But this blog is not meant to focus on the struggles of being a PK as there are already numerous articles and teachings addressing this issue. The angle I intend to focus on is that of being a parent of a PK. Of course, that means I am addressing the pastoral father and mother. I didn’t grow up as the son of a minister so I haven’t been through the PK process. I have, however, gone through the child and teenage years and I am the parent of some PKs. I can candidly say that raising a family in full-time ministry adds a whole new dimension of stresses to the already difficult job of parenting. If you are a pastor, you know this already.

It is tough being a PK, but it is also tough parenting a PK. There are struggles our children cannot yet comprehend as we try to balance the work of the ministry and its demands with raising a family. Your children cannot know the immense struggle you face as a pastor when you are so concerned about a particular difficulty your child is currently facing that you must pull together every ounce of strength you can muster to concentrate on the individual who is sitting in your office in need of counsel. You not only carry the weight of your family and its growing pains, but the weight of every family in your congregation with their growing pains. This is the ministry though. It’s the nature of the beast, as we might say.

In addition to this is the ever present fact that as the shepherds of the local flock, the pastoral family has a huge spiritual bull’s-eye on them. Jesus pointed out in Matthew 26:41 the principle of scattering the sheep by striking the shepherd. What many in the local congregation sometimes fail to recognize is that your pastoral family is many times standing between your family and the attacks of the enemy. If you are not a pastor and you are reading this, let me encourage you to do more fasting and praying for your pastor and family and a lot less time criticizing them.

My intent in this article is to give a little encouragement from one ministerial parent to others. I am by no means an expert. I’m still learning these things and trying to properly apply them. I fail sometimes. Oh God knows how I fail sometimes and it brings me to tears! What I share here is born of those failures and lessons and I hope it brings some edification to a subject, I feel, is often neglected. In our fellowship, the Assemblies of God, our District holds an annual retreat to minister to that special group of kids we call PKs and MKs (missionary’s kids). Perhaps we could use a PK/MK Parental Retreat as well. The Lord knows we just want to be the best parents we can for our kids.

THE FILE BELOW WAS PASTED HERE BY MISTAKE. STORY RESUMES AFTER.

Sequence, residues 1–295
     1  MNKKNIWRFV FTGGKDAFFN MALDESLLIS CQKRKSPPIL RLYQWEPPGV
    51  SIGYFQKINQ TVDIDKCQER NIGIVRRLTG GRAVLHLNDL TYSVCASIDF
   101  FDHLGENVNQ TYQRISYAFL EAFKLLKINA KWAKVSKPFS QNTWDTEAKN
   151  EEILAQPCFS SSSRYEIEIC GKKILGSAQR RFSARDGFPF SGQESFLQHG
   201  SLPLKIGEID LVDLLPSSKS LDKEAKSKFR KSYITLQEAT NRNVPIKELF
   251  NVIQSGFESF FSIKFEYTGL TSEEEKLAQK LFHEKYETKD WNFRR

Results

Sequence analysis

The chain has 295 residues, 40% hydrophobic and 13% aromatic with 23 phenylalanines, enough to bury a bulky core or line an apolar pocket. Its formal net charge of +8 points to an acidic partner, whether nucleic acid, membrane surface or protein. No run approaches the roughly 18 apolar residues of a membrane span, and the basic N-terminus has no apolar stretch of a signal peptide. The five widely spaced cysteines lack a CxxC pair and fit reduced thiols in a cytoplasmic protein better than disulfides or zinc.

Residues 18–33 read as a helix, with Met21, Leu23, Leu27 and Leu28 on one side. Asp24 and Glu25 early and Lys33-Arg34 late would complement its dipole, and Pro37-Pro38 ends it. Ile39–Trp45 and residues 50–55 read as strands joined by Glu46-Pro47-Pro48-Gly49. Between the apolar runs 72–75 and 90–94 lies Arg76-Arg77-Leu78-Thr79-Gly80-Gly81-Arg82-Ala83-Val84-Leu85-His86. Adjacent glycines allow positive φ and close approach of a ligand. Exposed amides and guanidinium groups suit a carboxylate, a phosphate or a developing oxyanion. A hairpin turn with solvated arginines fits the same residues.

So here’s my two cents…

Your kids must be made to understand that the standards of your household are standards of your Christianity, not standards of your ministry.
All too often PKs are given the idea that the standard of their home has to do with the pastoral role of their parents. This idea can be compounded by the lack of Christian standards sometimes found in other families within the church. It’s a classic case of, “Billy’s parents let him do this.” So of course, when you do not, the blame is set squarely on the fact that you are a pastoral family instead of being on the issue that Billy’s parents may need to step up their game.

Our children need to know that the high standards we hold for them are not simply because of our pastoral role. They should know that the household standards would be this way regardless of what vocation their parents served in because it is the standard of Christ. I believe kids can grow to resent high standards if they believe those standards to be implemented merely because of full-time ministry. They may begin to wish that they could be “normal Christians” who don’t have to live so “restricted”. Remember, before you are a pastoral family, you are a Christian family. Help your kids see that a “normal” Christian family will hold high standards regardless of what Mom and Dad do for a living.

Don’t hammer your kids
PKs live a glass house of sorts, but so do their parents. We always know someone is watching and therefore can easily slip into panic mode when our child acts out of order. When that happens we may be tempted to “show” onlookers in the congregation how good of a parent we are. And it can very quickly morph into a show, where our child is portrayed as the villain before the audience.